Monday, March 19, 2007

Si ch'io vorrei morire

Wow. Translation of a piece I heard at ACDA and am strongly considering for our April concert:
Sì, ch’io vorrei morire

Lie with me beneath the olive tree
and there, my love, give me your mouth’s dark flower,
let your tongue explore mine like a bee,
leave upon my lips a smear of nectar.
Untie your hair - let the black be sudden
on the white slopes of your shoulders and your breasts;
urge my hands to ramble in your gardens,
encourage me to try their curious scents.
As I love you, I would like to die,
and as the bliss builds on the brink of pain
and your soul begins to rage and sigh,
to perish with you in this shadowed heaven
where the silver leaves shall let us lie
all night, hidden from the wild moon.

3 comments:

Isabella Jones said...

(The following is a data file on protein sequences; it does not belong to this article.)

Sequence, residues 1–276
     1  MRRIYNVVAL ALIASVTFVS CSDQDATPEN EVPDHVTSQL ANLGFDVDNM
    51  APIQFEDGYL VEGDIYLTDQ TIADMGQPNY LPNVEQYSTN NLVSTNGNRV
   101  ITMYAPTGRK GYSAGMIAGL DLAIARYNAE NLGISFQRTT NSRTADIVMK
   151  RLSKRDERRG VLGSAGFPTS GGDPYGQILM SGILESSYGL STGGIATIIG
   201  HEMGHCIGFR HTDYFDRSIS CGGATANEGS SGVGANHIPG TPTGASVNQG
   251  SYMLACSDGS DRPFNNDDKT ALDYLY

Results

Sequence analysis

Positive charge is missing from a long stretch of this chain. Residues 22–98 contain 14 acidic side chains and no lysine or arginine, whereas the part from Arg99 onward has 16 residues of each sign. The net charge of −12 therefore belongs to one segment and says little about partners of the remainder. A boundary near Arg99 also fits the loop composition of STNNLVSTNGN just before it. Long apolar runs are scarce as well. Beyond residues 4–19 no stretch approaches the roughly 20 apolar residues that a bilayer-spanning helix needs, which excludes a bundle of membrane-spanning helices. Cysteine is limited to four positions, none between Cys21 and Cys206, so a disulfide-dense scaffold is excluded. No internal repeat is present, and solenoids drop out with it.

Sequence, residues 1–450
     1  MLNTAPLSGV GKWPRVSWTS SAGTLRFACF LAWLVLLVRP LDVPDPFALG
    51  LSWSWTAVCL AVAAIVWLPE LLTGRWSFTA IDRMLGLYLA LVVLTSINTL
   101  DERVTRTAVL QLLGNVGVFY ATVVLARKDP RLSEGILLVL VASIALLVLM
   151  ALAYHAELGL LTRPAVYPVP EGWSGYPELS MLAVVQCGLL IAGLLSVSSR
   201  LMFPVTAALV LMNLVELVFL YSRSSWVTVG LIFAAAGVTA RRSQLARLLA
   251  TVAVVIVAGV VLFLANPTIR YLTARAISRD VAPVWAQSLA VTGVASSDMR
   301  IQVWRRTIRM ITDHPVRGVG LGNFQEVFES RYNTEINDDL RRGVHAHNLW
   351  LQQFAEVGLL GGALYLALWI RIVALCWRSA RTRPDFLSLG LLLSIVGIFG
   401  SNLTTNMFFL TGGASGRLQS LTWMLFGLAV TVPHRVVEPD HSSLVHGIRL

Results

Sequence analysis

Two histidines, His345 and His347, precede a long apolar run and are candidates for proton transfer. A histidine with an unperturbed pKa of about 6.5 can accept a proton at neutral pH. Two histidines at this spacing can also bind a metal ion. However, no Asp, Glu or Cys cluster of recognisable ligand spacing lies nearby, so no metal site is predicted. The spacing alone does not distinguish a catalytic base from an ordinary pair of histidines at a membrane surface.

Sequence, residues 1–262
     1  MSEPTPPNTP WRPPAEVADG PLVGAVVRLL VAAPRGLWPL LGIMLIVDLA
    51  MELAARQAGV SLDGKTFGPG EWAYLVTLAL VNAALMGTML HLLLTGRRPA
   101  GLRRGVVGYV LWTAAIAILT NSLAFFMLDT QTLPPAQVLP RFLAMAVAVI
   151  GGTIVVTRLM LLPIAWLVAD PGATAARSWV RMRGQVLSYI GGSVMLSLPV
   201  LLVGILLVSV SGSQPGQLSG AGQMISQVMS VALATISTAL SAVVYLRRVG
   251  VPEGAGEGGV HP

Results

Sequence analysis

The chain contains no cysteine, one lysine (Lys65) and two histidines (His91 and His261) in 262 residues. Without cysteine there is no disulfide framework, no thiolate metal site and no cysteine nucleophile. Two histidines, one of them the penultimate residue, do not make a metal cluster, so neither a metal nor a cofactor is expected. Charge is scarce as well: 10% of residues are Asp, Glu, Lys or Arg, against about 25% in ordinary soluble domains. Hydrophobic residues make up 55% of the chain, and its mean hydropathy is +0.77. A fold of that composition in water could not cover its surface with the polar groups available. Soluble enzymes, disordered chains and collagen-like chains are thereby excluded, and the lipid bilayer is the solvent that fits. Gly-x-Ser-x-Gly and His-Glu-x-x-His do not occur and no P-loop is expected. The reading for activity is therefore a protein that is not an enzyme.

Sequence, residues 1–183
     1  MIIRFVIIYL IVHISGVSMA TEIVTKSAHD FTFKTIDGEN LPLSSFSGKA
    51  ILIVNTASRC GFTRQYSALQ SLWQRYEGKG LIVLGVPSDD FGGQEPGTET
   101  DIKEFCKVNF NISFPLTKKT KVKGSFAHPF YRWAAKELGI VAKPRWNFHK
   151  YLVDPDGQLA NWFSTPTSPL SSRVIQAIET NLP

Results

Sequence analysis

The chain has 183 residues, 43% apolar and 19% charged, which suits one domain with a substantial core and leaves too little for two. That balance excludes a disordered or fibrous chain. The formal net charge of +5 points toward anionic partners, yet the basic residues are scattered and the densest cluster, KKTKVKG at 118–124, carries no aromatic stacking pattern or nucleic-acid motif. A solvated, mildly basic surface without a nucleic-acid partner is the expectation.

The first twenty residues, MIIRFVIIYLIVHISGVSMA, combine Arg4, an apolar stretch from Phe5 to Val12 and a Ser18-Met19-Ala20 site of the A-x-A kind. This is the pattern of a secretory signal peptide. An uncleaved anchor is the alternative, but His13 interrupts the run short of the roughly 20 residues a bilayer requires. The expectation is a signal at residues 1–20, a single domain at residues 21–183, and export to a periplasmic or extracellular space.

WOW. This is a strong! How close is it to the original text?

Isabella Jones said...

WOW. This is a strong! How close is it to the original text?

Anonymous said...

not close at all! it's more like:

Oh,yes, I would welcome death;
now, as I kiss, O love,
the soft lips of my beloved.
Ah, tongue so dear and sweet,
bestow such nectar upon me
that i expire of sweetness on this breast.
Ah, my love, upon this snowy breast clasp me, I pray, until my senses reel!
Ah, lips, ah kisses, ah tongue, repeat with me:
Oh yes, I would welcome death.

Maurizio Moro wrote the original poem, and was a lot more subtle than the translation posted on this website. Death, of course, was used as a thinly veiled metaphor for climax- but much of the artistry is wrapped up in these literary devices. The music of Monteverdi's setting vividly paints the original text- don't sing it without!!!